Google+ ‘hangout’ Review

By Nubi Kayode

Google+ may have gotten its initial popularity as the social network that tried to beat Facebook, but then if one spends more time browsing through the experience offered via features and services offered on the platform, ones orientation may change – except you are a Facebook fanatic.  Google+ launched June 28, 2011 on an invite-only basis and then it was made available to the public September 20, 2011. The social network now boasts of over 40 million active users is one to watch out for.

So what is on offer from Google Inc in this new package called Google+? The traditional messenger can be seen, but others include: Circles, Instant Upload, Sparks, Stream, Games, +1 Button, Search in Google+, Hashtags, What’s hot stream, Ripples, Creative Kit, Google+ Pages, and probably the coolest feature – The Google Hangout. This review is about the last feature. For more on the other features you may want to start your journey from Google Search.

The Hangouts feature works like an environment to have group video chat with up to 10 people participating concurrently. It even allows, anyone on the web join in, as long as they have a unique URL of the Hangout. The screen switching attribute is cool too as it makes provision for the main speaker to take the big screen where there are more than 2 participant. Users can also view a YouTube video together and see reactions.

Although, I came across the hangout feature way back in July, I had not seen it in action [especially in Nigeria], until I stopped by Co-Creation Hub, November 17th, 2011. It was a Google+ Hangout with Nigerian ICT Advocate, Gbenga Sesan moderating. It was quite impressive as we had people from Kenya’s iHub and South Africa’s Umbono Tech Hub.

As for the quality of the hangout, 6 out of 10 should be fair, as there were a number of technical glitches and disconnection from participants, but this may not be attributed to Google but the ISPs where participants checked-in from. I make this assumption on the basis that I later tried having a Google+ hangout later that night with a friend in the Netherlands and a – 5 out of 10 – rating is what I got.

I decided to connect with this friend with Google+ instead of Skype and we both agreed to go back to Skype. Perhaps because Skype is a familiar terrain (Facebook banking on the familiarity factor over Google+ is somewhat a similar comparison) but more importantly it functioned better on low-speed internet as compared to the Google+ hangout.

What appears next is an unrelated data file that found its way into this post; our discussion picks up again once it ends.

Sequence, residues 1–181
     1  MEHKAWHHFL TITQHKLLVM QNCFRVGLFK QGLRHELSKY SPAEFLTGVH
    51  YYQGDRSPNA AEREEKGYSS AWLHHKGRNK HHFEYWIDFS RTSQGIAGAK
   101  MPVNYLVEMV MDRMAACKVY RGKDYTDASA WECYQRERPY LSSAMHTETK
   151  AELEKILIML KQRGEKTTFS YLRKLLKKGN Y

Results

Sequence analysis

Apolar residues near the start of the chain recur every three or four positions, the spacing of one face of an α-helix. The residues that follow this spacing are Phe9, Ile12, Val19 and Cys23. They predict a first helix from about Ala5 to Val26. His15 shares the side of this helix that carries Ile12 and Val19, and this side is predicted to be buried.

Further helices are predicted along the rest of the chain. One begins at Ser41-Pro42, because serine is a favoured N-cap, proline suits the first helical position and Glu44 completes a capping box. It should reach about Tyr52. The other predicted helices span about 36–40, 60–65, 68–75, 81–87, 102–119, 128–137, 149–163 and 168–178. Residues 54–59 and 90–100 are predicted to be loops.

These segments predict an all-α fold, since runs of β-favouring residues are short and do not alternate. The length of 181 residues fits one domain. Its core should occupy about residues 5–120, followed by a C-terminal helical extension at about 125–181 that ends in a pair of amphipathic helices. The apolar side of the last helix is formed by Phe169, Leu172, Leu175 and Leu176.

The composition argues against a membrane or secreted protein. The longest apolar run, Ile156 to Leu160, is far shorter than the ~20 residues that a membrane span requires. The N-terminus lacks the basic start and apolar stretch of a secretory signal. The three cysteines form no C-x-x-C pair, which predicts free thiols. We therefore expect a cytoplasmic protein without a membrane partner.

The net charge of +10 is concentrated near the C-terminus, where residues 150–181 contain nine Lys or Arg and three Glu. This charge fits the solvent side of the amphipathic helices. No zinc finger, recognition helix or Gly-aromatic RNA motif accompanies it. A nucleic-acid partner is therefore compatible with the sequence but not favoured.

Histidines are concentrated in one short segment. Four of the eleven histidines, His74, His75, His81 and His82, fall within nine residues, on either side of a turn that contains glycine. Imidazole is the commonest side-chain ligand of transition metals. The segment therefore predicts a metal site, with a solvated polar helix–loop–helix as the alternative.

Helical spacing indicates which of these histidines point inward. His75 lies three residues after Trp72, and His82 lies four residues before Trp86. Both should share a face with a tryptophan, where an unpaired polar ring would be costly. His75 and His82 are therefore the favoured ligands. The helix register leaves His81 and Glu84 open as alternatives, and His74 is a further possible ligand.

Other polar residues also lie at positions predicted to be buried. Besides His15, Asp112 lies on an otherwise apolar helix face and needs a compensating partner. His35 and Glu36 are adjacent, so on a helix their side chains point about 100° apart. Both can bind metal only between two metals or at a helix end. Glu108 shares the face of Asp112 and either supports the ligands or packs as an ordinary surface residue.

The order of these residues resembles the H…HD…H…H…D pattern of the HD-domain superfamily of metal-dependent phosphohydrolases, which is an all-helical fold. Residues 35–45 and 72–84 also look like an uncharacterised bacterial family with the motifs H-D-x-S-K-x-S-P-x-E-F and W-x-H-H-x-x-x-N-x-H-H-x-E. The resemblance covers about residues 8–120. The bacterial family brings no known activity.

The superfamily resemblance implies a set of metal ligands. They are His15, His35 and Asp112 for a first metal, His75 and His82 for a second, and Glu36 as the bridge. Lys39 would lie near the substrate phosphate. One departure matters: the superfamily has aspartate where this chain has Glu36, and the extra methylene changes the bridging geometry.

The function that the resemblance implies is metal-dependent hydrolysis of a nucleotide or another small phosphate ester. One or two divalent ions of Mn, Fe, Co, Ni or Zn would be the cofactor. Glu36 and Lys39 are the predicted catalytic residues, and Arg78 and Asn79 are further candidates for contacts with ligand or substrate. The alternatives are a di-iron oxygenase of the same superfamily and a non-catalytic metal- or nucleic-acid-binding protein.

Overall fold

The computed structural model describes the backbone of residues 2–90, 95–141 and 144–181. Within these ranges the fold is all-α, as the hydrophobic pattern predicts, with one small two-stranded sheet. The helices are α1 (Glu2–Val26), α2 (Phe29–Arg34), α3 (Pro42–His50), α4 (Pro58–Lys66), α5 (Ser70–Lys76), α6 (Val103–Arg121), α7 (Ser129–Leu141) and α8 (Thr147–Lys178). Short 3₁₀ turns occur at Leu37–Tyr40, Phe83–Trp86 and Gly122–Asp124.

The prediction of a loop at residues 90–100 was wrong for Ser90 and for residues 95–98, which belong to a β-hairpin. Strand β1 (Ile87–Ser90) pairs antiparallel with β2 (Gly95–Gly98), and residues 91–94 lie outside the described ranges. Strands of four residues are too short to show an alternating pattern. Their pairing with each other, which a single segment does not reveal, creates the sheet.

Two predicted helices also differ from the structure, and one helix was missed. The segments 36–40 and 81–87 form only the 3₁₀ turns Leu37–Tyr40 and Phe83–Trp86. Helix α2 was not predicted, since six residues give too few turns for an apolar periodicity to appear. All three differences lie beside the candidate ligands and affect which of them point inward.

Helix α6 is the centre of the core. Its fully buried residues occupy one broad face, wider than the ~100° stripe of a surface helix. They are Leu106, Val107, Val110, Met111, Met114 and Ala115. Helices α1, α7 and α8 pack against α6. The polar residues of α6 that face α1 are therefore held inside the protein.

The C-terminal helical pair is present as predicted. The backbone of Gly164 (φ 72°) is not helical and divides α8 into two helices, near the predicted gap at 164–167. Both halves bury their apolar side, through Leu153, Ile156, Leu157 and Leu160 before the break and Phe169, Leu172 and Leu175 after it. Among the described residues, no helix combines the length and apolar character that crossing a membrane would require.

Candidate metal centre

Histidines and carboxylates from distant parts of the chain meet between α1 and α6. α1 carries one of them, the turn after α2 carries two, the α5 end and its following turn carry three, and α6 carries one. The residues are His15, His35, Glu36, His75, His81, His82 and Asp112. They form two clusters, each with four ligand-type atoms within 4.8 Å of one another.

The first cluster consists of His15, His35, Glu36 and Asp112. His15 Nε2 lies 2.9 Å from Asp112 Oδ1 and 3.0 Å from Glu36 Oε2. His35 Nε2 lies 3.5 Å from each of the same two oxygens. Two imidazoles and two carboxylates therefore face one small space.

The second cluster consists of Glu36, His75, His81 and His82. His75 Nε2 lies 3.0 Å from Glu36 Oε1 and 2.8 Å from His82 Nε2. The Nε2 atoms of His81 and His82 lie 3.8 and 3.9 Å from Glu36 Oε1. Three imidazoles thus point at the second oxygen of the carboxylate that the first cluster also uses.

It was quite tricky setting up the voice and video options too as compared to Skype but when all things got into place; it was a smooth ride until the ISP went down-serving with ‘em packets. So as far as user experience is concerned, two things play a major role: Familiarity of Environment (it will take some time to feel comfortable in the hangout area), and ISPs (nothing much to do about that – is there?)

Although it was predicated that Hangout will break out of Google+ to become a stand-alone product to compete with Skype and other video-chat services, it has not yet happen. If you asked to choose between the two, I may be forced to go with Google+ after seeing it in action a few weeks ago, but as I earlier said it will take some getting used to.

What is Skype doing about this speculation? Well, perhaps the question should be directed to Microsoft since it acquired Skype. Even though a sense of rivalry exists between Google and Microsoft, it may not be as bad as that between Apple and Samsung, but if Google+ hangout breaks out to be a stand-alone product, Skype(Microsoft) will have to brace up to secure market shares.

Off from business and back to techie talk: If you have not tried Google+ hangout and other feature, I strongly recommend you do today. All you need is an email on Google mail service, i.e. Gmail and you are good to go. Do not forget to have a webcam (video) and a pc-mic (audio) as you will need it for the hangout – don’t bother if you don’t have both.


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